Lanarkshire Philatelic Society
Strathclyde Postcard Club
The Lanarkshire Philatelic Society was pleased to welcome members of the Strathclyde Postcard Club to the meeting on Friday, 20th March. The President of the Society, Elsie Miller, introduced the four members.
Ian Hamilton displayed postcards showing different aspects of ‘The building of the Forth Railway Bridge.’ This was opened on 4th March, 1890, by the then Prince of Wales (who became King Edward VII). It was built by Messrs Tancred & Arrol & Co. The gradual stages of building were shown – and also postcards of some of the workmen – and of the supervisers. The great opening day arrived and the Caledonian Express crossed over.
War came and postcards showed Nazi Air Raids which, fortunately, missed the bridge!
There were various advertising cards – especially from hotels in South Queensferry. The display ended with some lovely embroidered postcards of the bridge.
Ken Norris displayed ‘Thistles’. A great variety of cards bearing, somewhere on the card, thistles! There were many different Scottish views; pictures of Royalty; cards bearing the legend ‘For Auld Lang Syne’; others with ‘Thistle remind you we’re no’ forgettin’ you!’ Also many beautifully embroidered thistles on cards.
The consequences of sitting or standing on thistles were comically displayed!
Various Coats of Arms were shown, each with thistles. The display finished with cards displaying ‘The Scotsman’s Coat of Arms’ – which inevitably, amongst other items, had thistles!
After the break Ian Kennedy took members to his favourite place in Scotland; Dalmally, Glen Orchy and Loch Awe, where he has spent many happy holidays. Pictures of these places were displayed and Ian told very interesting history of each.
He showed pictures of Kilchurn Castle which, to begin with, could hardly be seen for undergrowth and trees – to now, when all that has been cleared and the castle can be seen in all its ruinous glory. Old pictures were displayed of the remote Auch Shooting Lodge and of Ardbrecknish House Hotel, Dalmally. These are both in existence today. Then Ian spoke about pictures of old thatched cottages, which are now no longer in existence, at the entrance to Glen Strae – home of the MacGregors – and also in Stronmilchan.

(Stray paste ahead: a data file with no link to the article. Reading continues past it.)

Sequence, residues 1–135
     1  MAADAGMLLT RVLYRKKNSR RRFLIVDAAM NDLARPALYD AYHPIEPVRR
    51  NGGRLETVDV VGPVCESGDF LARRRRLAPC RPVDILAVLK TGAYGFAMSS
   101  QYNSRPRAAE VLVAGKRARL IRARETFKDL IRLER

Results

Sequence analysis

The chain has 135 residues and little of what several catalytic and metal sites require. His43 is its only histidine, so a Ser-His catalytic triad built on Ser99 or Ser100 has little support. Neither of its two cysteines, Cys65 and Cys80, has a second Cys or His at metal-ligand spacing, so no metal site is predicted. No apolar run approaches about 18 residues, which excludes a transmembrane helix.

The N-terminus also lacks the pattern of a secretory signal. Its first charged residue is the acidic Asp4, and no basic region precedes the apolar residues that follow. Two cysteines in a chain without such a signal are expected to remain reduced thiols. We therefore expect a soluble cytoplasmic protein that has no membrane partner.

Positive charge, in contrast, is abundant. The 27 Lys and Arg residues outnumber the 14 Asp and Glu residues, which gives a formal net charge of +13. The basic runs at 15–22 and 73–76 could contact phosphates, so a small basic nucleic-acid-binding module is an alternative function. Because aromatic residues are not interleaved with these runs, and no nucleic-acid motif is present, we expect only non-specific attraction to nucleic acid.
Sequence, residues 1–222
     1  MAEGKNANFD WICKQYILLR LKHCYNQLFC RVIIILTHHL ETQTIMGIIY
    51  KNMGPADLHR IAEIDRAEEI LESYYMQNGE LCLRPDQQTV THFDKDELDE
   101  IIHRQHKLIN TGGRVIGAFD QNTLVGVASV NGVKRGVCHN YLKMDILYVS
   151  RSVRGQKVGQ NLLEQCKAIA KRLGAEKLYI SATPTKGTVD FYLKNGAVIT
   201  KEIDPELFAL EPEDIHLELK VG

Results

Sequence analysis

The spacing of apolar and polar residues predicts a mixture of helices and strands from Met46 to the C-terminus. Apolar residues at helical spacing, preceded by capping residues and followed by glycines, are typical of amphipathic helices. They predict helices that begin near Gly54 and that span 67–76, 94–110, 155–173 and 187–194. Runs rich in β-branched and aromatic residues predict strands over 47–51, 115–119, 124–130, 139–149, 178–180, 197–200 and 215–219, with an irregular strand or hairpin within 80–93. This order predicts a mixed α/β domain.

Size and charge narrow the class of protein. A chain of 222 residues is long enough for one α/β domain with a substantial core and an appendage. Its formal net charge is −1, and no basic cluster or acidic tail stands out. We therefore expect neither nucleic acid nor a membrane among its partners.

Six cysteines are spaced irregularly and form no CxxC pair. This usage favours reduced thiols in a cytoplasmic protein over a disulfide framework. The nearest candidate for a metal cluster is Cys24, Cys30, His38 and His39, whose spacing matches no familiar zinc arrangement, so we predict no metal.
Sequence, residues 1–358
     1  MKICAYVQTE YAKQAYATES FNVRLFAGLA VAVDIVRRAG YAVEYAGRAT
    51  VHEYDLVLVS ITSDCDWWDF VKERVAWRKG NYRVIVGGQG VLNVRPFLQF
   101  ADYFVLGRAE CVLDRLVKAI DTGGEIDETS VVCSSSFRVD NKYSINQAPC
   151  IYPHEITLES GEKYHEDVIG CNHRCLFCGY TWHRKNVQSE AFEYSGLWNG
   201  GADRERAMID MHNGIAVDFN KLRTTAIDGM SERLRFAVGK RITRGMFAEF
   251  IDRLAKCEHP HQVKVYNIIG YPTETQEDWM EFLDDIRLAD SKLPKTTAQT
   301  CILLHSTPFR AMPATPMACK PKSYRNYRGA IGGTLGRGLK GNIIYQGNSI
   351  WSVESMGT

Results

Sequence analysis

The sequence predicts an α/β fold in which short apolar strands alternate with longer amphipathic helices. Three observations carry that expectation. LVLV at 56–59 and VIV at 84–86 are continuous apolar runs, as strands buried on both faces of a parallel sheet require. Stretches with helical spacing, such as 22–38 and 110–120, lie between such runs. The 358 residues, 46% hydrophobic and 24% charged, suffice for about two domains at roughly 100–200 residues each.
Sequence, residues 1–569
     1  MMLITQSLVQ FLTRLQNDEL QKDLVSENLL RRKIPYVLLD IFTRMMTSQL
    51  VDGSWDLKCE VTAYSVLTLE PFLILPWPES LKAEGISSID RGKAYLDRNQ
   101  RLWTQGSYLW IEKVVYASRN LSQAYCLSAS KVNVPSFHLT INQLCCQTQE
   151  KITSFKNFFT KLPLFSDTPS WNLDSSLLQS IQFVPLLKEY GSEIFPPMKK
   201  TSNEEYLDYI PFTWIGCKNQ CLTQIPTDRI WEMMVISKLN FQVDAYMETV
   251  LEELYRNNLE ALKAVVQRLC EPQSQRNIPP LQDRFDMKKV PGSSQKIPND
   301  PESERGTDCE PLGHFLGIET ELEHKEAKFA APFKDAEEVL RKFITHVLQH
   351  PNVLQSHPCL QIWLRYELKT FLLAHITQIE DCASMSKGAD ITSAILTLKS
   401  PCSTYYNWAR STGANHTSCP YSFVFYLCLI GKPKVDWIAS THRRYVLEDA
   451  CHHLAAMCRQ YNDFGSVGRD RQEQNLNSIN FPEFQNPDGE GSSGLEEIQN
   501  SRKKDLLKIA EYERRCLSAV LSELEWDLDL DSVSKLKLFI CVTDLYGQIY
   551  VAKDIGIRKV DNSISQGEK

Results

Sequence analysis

The lovely Church at Glen Orchy, built on an islet, and is in Gothic Revival style, was financed by the then Earl of Breadalbane. Ian finished with a picture of a school of the area – taken at the turn of the century – showing barefoot children – and one or two with ‘tackety buits’!
The final display was given by David Brown who showed many interesting postcards of Cambuslang. He explained that the name Cambuslang is thought to have come from ‘Cambus’ meaning ‘bend in the river’ – and ‘lang’ – meaning ‘long.’ It was known as a ‘village’ then! He showed cards of trams in the Main Street – a card from 1904 had tram no. 866 of Glasgow Tramways on its way to Bridgeton Cross and Partick. A card of the wonderful War Memorial in the Public Park. Various views of streets of Cambuslang, of Borgie Glen, of the now ruinous Gilbertfield Castle, of Stonelaw Woods (now part of the public park within Rutherglen) were of much interest.
David finished with a modern card of the Miners’ Memorial situated on the site of Toll Pit.
Bernard Berrie, giving the Vote of Thanks, remarked on how members had learned some new and interesting history through the evening – and gave warm thanks to the four visitors who had given such excellent displays.
Our next meeting in St Andrews Parish Church Hall is on Friday, 24th April, 2009 at 7:30pm when Club member, Alan Wishart, will display ‘From Russia with Love.’
Anyone with an interest in stamps, postal history, postcards etc are very welcome to attend.